Thursday, October 05, 2006

Court allows NSA wiretapping program to continue

The 6th circuit court of appeals unanimously granted a stay on the wiretapping program, allowing it to continue while the appeal process goes through:

The Bush administration can continue its warrantless surveillance program while it appeals a judge's ruling that the program is unconstitutional, a federal appeals court ruled Wednesday.

The president has said the program is needed in the war on terrorism; opponents argue it oversteps constitutional boundaries on free speech, privacy and executive powers.

The unanimous ruling from a three-judge panel of the 6th U.S. Circuit Court of Appeals gave little explanation for the decision. In the three-paragraph ruling, judges said that they balanced the likelihood an appeal would succeed, the potential damage to both sides and the public interest.

The ruling itself is fairly straightforward and is likely a hint at what the outcome of this case will be. It essentially says that the stay will only granted if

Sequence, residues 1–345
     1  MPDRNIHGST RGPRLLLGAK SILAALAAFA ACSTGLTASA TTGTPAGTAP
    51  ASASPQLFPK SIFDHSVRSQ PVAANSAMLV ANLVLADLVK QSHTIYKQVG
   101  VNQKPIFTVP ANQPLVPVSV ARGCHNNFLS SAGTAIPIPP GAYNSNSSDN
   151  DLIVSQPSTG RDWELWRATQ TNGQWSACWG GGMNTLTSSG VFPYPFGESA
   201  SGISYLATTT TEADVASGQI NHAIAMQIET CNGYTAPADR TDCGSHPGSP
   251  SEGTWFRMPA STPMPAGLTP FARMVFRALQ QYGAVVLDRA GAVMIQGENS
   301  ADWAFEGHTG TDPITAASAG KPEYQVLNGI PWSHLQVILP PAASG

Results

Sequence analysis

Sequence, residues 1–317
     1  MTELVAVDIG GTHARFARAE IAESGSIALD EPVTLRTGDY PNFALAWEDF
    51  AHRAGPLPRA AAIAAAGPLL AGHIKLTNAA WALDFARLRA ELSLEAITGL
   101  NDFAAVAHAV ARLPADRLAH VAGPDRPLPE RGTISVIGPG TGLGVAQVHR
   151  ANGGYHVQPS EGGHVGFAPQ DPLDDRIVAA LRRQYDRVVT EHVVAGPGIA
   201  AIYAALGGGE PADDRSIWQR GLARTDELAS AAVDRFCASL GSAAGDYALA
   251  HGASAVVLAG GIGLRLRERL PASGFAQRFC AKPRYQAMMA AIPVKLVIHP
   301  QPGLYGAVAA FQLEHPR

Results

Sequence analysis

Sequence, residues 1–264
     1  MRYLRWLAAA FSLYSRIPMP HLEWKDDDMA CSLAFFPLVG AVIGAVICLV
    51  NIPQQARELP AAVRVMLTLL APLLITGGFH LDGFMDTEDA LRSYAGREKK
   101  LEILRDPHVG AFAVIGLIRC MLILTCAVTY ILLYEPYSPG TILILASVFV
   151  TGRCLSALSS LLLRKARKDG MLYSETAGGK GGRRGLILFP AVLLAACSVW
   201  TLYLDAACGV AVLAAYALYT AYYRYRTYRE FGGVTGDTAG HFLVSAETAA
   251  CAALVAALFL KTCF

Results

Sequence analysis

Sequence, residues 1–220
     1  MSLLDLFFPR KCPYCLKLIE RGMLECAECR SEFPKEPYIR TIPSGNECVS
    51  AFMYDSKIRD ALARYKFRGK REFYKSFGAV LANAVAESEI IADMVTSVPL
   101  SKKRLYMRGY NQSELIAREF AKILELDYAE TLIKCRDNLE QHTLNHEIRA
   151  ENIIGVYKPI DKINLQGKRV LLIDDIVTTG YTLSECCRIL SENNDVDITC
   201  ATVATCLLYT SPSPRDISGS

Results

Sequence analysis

1. the applicant has demonstrated a substantial likelihood of success on the merits
  2. the applicant will be irreparably injured if denied the stay
  3. the other parties will not suffer substantial harm if the stay is granted
  4. the public interest will be served with a stay

The only commentary the panel provided, other than the Approved stamp, was this:

After careful review, we conclude that the standard has been met in this case.

Which means the applicant (the US Dept. of Justice) will likely win the appeal, the US will suffer substiantial and irreparable injury if denied the stay, the plaintiff will not, and the public interest will be served by the program continuing.

In this case, I think the brevity of the ruling speaks quite loudly.

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